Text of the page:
The Naval History of Rhode Island

By K. Cecilia Sequeira, Naval History and Heritage Command, Communication and Outreach Division

Rhode Island may be small, but it is historically mighty. As a colony, Rhode Island was the first of thirteen to renounce allegiance to the British. And, while Rhode Island is less than 50 miles long and 37 miles wide, its 400 miles of coastline have ensured a rich naval past. The U.S. Navy cemented its presence in Rhode Island during the Civil War when the U.S. Naval Academy was relocated to Newport from Annapolis, Maryland to avoid the dangers to the south. USS Constitution and other training ships including Santee and John Adams docked at Newport Harbor during the war and served as training ships for midshipmen in the Union Navy. These ships, and the capable instructors at the naval academy, helped develop several Rhode Island natives into pioneers and leaders in the U.S. Navy.

Born in Providence, Rhode Island, Godfrey DeCourcelles Chevalier was one such Naval Academy graduate. In the early 1900s, Chevalier helped install the first catapult used in the U.S. Navy and piloted the first plane launched by a catapult. For his service during World War I, Chevalier was awarded the Distinguished Service Medal.  On Oct. 26, 1922, Chevalier made the first landing on USS Langley (CV 1), the first American aircraft carrier. Unfortunately, Chevalier’s luck ran out less than a month later when he succumbed to injuries from a plane crash.  USS Chevalier I (DD 451) and USS Chevalier II (DD 805) were named in his honor.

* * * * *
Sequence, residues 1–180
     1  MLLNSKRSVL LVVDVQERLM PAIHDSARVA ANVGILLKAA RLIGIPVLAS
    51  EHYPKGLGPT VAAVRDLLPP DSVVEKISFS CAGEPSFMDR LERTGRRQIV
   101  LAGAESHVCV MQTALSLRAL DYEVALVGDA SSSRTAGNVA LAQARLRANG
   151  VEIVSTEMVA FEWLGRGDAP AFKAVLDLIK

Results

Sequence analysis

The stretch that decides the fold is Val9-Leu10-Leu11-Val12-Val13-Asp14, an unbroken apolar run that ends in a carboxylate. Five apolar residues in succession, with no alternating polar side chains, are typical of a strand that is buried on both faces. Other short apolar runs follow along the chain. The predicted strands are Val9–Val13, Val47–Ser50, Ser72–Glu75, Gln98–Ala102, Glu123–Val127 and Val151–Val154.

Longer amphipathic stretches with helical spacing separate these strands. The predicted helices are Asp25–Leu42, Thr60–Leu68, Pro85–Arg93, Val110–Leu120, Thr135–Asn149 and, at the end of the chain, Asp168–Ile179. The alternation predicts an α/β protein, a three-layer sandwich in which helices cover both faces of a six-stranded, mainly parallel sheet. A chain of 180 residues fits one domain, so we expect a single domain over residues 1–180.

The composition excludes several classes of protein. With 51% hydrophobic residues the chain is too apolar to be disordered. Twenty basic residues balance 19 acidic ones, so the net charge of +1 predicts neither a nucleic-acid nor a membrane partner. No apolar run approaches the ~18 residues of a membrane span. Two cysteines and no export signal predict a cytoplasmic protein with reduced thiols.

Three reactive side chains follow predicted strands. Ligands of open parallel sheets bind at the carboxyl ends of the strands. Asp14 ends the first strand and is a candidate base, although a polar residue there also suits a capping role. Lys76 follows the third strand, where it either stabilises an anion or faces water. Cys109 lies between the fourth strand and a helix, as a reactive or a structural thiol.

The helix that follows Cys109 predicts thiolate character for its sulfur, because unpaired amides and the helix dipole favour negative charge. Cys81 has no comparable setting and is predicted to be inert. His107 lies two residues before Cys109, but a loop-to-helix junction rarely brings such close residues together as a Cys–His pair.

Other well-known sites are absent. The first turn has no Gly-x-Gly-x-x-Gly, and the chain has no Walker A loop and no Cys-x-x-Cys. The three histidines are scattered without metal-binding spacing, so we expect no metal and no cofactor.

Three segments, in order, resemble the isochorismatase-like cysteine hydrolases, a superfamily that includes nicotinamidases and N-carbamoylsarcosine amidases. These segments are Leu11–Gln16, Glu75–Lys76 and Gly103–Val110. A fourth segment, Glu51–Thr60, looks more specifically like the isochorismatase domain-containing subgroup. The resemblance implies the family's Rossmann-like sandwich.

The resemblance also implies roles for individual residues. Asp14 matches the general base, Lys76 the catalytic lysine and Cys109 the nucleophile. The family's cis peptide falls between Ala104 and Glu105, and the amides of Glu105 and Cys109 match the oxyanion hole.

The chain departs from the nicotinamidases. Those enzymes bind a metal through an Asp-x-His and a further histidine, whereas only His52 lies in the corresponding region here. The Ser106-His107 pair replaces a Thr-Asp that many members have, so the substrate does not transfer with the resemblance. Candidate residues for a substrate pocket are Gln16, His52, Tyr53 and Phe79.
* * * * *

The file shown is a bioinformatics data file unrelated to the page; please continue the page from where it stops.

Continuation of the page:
Carving out his own place in history, John Joseph Kirwin, a Newport native, would also be remembered as a naval hero. Kirwin was commissioned as an ensign in 1941.  During World War II, he fought valiantly against German bombardment on the shore of Salerno Bay, Sicily. He earned the Navy Cross for his actions on Sept. 11, 1943.  His citation reads, “When the detonation of an enemy bomb set off numerous fires and filled the turret with dense smoke and toxic gases, Lt. Kirwin promptly ordered the area abandoned and despite the imminent danger, stood by his station in the turret booth. With full knowledge of the serious hazards involved and with complete disregard for his own personal safety, he calmly supervised evacuation and deliberately remained behind to aid in saving the lives of as many of his command as possible … he eventually succumbed in the stricken booth, gallantly sacrificing his own life in order that his men might live.”  USS Kirwin (DE 229) was named in his honor.

Learn about other Rhode Island trailblazers, including Oliver Hazard Perry, John Hubbard Chafee, and Nathanael Green on our website or click on the infographic below to explore Rhode Island’s naval history.

 

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